Marquette University Law School has appointed Joseph A. Ranney as its Adrian P. Schoone Visiting Fellow in Wisconsin Law.
Ranney, an attorney with DeWitt, Ross & Stevens S.C., will use his fellowship to write a book that examines the role states have played in the evolution of American law, with a focus on the contributions made by Wisconsin. His appointment begins July 1.
In addition to his work as a trial lawyer, with expertise in constitutional law, commercial law and intellectual property, Ranney has served as an adjunct professor at the Law School. His previous books include Trusting Nothing to Providence: A History of Wisconsin’s Legal System, considered the leading legal history of the state, and In the Wake of Slavery, a history of law in the Reconstruction-era South.
The fellowship is made possible by the Law School’s Adrian P. Schoone Fund for the Study of Wisconsin Law and Legal Institutions, created last year. “It is fitting that Jay Ranney will use this fellowship to expand his work at the Law School and his contributions to the larger society’s understanding of state law—the primary source of legal rights and obligations in our society,” said Joseph D. Kearney, dean of Marquette University Law School. “This is among the sorts of contributions that we envisioned when we created the Schoone Fund, and we look forward with great anticipation to his work at the Law School.”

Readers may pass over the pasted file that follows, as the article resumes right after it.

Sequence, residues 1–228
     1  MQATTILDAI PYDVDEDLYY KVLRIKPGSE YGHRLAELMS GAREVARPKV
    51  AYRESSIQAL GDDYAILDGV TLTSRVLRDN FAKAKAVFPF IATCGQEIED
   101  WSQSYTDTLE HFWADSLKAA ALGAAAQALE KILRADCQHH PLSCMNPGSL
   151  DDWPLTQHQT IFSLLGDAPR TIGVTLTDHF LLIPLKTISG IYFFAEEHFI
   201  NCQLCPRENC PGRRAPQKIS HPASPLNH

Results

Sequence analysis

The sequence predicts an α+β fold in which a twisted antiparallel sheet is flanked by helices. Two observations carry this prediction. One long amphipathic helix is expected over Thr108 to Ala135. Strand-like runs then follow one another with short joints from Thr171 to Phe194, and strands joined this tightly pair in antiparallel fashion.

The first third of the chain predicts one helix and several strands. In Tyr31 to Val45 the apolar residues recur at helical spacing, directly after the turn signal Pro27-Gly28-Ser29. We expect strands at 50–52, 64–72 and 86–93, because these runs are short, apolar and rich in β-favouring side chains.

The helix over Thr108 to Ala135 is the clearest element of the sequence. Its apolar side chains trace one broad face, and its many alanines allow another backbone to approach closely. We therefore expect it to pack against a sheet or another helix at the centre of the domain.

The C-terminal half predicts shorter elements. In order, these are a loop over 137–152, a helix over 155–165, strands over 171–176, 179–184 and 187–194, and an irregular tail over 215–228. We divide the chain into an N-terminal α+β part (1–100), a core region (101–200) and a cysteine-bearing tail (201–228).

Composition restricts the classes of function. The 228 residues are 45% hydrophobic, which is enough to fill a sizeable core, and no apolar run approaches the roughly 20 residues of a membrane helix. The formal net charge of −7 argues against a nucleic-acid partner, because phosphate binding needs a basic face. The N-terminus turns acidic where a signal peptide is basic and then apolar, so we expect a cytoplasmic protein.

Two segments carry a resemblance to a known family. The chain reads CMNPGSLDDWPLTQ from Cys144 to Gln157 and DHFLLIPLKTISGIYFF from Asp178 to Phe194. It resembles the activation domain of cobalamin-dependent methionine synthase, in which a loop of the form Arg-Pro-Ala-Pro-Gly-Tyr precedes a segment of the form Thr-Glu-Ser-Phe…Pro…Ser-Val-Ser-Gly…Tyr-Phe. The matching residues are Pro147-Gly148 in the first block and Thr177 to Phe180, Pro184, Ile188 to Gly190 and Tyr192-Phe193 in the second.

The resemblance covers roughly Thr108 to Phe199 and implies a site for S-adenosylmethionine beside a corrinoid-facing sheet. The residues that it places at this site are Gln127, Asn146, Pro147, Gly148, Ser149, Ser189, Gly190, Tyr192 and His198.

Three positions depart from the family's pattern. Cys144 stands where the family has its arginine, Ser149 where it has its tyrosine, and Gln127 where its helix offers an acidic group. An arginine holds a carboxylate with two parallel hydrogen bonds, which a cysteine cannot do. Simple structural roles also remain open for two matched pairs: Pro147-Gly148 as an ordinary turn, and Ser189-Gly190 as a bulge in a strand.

“I have an intense interest in the legal history of our state and the nation more generally, both for its own sake and for the insights that it provides concerning the law of today and tomorrow,” Ranney said. “I am very grateful to the Schoone Fund and Marquette University Law School for this opportunity to advance legal scholarship.”
Ranney will continue to be a partner at DeWitt, Ross & Stevens during his fellowship. “Jay’s knowledge of legal history distinguishes him in our field and serves as a powerful example to both law students and lawyers of intellectual curiosity,” said Bradley W. Raaths, president and managing partner of the firm. “We fully support his willingness to take on this project at Marquette Law School, which is worthy of his considerable talents.”
The Schoone Fund is an extension of Marquette University Law School’s longstanding interest and engagement in Wisconsin law. The Marquette Law Review, the oldest academic law publication in the state and one of the oldest in the country, was established in 1916 and has been cited many hundreds of times by the Wisconsin Supreme Court and other courts in the state.